• Making Friends

Finding upbeat friends when you are over 50

Published: March 8, 2016 | By | 12 Replies Continue Reading
An over 50 woman is tired of finding people who only want to talk about their problems.



I’m in my late 50’s and want to connect with groups/people who don’t want to talk about their problems past/present, and want to enjoy what years they have left.

How do I find these people without having to invest in trying to solve their problems? I would I would love to find a group of people who want to travel, converse, and explore the remainder of their healthy years to get some enjoyment out of life.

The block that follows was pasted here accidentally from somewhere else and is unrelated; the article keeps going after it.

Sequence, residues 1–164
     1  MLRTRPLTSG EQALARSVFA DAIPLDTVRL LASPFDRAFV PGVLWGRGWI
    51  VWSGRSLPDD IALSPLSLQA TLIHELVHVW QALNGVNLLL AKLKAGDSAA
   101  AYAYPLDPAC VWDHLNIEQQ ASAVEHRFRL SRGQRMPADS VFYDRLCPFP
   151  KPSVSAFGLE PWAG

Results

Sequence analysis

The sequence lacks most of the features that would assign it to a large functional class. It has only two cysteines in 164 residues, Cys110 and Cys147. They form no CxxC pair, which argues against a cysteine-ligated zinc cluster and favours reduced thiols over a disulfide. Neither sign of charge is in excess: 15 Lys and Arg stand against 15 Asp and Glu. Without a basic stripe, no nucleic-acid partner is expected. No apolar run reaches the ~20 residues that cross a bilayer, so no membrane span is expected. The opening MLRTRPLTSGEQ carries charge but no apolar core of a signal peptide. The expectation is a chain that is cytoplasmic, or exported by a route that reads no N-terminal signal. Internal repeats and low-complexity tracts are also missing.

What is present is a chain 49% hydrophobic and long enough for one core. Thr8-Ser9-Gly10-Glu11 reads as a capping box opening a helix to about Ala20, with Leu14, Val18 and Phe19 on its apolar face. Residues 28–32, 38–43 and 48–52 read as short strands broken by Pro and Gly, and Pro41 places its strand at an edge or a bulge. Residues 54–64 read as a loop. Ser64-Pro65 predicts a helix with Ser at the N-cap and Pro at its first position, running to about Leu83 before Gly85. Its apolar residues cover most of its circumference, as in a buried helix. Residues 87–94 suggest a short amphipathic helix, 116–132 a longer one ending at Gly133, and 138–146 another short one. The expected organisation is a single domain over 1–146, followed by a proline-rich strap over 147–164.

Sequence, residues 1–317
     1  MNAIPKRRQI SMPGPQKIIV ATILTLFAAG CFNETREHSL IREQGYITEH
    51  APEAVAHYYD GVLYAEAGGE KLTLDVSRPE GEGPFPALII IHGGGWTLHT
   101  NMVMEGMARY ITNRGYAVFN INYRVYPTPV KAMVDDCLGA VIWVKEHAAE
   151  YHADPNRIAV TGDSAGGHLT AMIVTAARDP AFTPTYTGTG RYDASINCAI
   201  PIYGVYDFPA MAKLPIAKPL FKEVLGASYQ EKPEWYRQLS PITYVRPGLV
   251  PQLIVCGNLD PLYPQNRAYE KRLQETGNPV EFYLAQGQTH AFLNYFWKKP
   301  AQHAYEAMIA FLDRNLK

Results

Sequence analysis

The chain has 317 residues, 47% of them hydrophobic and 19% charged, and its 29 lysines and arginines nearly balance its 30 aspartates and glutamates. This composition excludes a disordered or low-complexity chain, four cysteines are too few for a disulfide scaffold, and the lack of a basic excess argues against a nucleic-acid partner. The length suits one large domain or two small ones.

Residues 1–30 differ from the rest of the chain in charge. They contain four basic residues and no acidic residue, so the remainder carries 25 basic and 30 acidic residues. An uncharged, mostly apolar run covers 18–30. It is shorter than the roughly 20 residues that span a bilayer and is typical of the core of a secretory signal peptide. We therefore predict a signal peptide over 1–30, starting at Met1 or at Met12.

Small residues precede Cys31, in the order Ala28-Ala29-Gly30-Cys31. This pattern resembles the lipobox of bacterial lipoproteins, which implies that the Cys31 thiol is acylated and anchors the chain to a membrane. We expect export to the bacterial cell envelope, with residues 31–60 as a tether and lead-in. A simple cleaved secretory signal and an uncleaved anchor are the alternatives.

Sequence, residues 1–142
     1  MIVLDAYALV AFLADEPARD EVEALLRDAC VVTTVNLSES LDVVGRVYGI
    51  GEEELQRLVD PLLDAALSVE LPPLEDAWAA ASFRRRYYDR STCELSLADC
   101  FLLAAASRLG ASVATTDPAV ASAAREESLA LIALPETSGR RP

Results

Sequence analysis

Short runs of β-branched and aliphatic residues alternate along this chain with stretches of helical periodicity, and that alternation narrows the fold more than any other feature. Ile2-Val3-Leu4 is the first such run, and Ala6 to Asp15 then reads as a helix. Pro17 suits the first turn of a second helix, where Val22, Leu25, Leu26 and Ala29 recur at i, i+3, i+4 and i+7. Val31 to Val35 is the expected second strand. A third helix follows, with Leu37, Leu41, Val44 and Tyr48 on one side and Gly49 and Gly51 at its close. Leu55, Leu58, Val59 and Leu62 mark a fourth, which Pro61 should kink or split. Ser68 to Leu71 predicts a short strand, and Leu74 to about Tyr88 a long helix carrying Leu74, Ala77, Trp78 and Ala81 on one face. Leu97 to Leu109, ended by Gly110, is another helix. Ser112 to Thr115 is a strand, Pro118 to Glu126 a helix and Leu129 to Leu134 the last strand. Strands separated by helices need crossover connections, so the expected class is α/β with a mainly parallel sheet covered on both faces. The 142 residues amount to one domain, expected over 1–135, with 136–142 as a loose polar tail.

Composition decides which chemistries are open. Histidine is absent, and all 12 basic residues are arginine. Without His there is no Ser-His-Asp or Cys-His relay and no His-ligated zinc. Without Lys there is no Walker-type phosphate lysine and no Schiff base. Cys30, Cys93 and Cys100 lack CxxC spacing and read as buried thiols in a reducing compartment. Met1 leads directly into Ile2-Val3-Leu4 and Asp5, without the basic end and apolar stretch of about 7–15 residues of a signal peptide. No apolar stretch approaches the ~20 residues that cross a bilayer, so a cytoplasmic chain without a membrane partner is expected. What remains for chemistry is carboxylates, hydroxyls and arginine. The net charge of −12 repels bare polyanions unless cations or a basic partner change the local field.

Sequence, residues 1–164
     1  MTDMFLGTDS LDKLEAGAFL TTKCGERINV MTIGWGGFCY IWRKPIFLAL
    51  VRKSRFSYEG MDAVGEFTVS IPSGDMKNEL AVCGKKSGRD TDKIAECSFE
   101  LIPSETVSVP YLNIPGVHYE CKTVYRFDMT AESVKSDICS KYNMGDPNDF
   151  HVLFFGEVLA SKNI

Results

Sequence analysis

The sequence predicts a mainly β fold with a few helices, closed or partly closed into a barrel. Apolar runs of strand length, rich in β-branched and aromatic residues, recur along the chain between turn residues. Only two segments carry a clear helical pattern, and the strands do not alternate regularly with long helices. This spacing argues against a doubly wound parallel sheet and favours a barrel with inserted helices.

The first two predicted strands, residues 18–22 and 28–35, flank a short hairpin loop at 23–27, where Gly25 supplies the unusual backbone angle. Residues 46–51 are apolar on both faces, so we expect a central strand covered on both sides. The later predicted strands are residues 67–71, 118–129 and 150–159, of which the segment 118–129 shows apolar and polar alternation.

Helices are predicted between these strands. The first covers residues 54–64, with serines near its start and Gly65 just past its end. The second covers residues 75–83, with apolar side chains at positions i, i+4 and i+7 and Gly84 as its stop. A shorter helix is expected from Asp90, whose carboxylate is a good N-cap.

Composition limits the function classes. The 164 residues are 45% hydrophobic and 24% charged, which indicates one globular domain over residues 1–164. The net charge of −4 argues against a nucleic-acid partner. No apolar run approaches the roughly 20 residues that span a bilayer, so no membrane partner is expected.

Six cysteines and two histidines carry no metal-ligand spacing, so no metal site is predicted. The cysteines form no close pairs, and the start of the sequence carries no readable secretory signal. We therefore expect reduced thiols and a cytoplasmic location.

Signed, Rhoda


Hi Rhoda,

Given the record high life expectancies of women in 2016, it’s likely you have many more years to enjoy all the opportunities posed by this next passage of life.

The best way to find new friends is to mingle with people who have a positive attitude and zest for living. If you identify your own interests, you’ll be able to find kindred spirits. A few examples of where you might start:

  • Are you a reader? Find a book club to join through Meetup.com or your local library.
  • Do you like helping people? Join a group of volunteers at a local nursery, hospital or nursing home.
  • Do you have a passion for the arts? Become a docent at a museum or enroll in a fine arts class.
  • Do you like to travel? Take a trip on a riverboat or smaller ocean cruise. Increasingly, cruise lines are eliminating the onerous “single supplement,” encouraging solo travelers to come onboard.